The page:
If you follow MISH, great, if you don't, you better start. Here is a great post on why China may face a hard landing.
Eight Problems Facing China
Hot money inflows
Huge property bubble
Massive increases in money supply, much of it property speculation and building of unneeded capacity
Currency manipulation charges from the US and potential trade wars
Unsterilized trade imbalances fuel inflation
Dearth of Jobs for new graduates
Potential social unrest
Here are 15 facts about China that will blow your mind
and if you wonder what would happen if China crashed, take a look at China's 14 dominoes of destruction.
Ghost cities of China with enough vacant homes to house the population of Canada over 4 times!
It's only a matter of time before China's housing bubble bursts from the Shanghai daily.
To understand how big the real estate bubble is in China, take a look at this chart. Japan had such an asset bubble in the 80's, they still have not recovered from it. China 2011 is definitely in the same territory as Japan 1990 in regards to housing value relative to GDP. These two countries make the US housing bubble look small.
So how does this affect Saskatchewan?
Just over 60% of Saskatchewan's exports go to the US, while the Canadian average is about 80%. So the slowdown in the US has not affected Saskatchewan as much as the rest of the country. A slowdown in China would have a big ripple affect that would be felt around the world with these 10 US states in bigger trouble than they already are. Out of all the provinces, Saskatchewan would be hit the hardest because China is the second largest trading partner after the US in terms of Countries. Just for reference, Saskatchewan GDP in 2009 was 56 Billion. In the last few years, exports have pretty well doubled to China. As for India, exports have quadrupled since 2005.
It is not because commodities would take a big hit that would cause the problem here, ( no doubt it would hurt as provincial coffers would not be as full) the problem would be the drop in consumer confidence. If commodities were hit hard twice in 5 years, Saskatchewan residents would know it is not different here. The two things going well for this province at this moment are confidence and credit. A slowdown in China and India would produce a drop in consumer confidence in Saskatchewan. And then consumers would realise that the debt levels do matter. In a consumer spending economy that has seen much of the growth from credit you can see how this would affect housing markets such as Regina and Saskatoon.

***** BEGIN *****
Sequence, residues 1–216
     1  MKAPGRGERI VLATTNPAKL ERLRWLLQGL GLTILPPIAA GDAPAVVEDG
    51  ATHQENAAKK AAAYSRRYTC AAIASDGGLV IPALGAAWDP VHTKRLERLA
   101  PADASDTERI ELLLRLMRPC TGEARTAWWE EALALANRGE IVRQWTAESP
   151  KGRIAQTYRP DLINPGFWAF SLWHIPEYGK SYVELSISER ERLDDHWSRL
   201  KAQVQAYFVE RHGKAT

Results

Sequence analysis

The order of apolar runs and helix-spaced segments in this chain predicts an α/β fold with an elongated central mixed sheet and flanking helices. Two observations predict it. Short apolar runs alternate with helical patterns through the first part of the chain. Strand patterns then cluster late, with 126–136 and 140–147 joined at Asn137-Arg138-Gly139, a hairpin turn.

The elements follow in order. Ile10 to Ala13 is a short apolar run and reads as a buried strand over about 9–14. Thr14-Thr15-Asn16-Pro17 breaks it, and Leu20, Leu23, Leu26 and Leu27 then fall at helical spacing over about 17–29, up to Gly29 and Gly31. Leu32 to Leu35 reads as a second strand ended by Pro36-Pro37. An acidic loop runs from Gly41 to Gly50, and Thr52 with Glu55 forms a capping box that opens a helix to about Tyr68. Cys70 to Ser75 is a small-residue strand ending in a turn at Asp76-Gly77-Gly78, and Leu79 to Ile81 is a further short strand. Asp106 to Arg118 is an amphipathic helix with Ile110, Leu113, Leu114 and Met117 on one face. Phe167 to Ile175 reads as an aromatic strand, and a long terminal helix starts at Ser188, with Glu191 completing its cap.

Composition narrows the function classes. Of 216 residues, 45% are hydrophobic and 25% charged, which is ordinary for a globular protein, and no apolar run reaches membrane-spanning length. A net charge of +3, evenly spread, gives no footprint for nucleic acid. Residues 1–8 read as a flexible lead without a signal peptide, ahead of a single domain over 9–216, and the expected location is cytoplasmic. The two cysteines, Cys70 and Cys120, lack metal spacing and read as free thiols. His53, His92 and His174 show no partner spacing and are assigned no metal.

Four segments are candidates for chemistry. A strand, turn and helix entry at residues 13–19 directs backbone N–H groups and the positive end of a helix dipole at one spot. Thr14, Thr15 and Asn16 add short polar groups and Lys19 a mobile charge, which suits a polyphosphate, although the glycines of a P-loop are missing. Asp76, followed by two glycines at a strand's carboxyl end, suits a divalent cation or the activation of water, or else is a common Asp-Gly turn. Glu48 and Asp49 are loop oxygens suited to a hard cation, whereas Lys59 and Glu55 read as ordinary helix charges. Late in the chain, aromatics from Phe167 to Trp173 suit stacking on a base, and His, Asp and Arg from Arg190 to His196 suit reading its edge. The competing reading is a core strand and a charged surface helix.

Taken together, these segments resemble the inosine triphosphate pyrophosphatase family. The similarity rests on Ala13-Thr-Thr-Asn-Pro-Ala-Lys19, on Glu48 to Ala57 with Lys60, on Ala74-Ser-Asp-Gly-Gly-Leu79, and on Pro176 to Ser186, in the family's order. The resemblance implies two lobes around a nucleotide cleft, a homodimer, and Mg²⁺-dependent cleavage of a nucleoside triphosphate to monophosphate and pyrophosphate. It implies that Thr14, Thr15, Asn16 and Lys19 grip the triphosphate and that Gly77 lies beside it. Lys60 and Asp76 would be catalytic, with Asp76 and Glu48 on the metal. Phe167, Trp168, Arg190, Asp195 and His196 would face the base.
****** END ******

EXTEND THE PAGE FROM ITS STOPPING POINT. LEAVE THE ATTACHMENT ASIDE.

If China were to crash, the implications of Vancouver's and Canada's real estate markets would be huge. The only thing feeding the housing bubble to reach over $1 million for a house in Vancouver is Asian money, or aka Hot Asian Money ( HAM). Ben over at Financial Insights has covered this story very well. In this scenario,once Vancouver's housing market falls then so does the rest of the housing markets in Canada, as the synchronization of markets takes hold across the nation, but only in reverse.
According to the Conference Board, the world could survive a China slowdown. But stock markets and growth around the world would be severely impacted. They compare Japan of the 80's to China now.
Japan accounted for close to 20 per cent of the global economy after its economy recorded average annual growth of between 8-10 per cent in the 1970s and 1980s. At the time, many experts predicted that Japan would eventually overtake the United States as the world’s largest economy within a couple decades (sound familiar?). Few doubted that a collapse in Japanese growth would be a disaster for the global economy. Well, the “unthinkable” happened as the bursting of a real estate bubble and deflation caused the Japanese economy to average growth of less than 1 per cent annually throughout much of the 1990s and 2000s. By 2010, the Japanese economy was less than one-third the size of the US economy!
Interestingly enough, the global economy generally experienced solid growth throughout much of the 1990s despite the disintegration of the Japanese economy.
If China, slows down, I hope they are right.
A China crash is not a certainty, but a slowdown is definite. The world and Saskatchewan in particular will feel the affects of a China slowdown in more ways than one.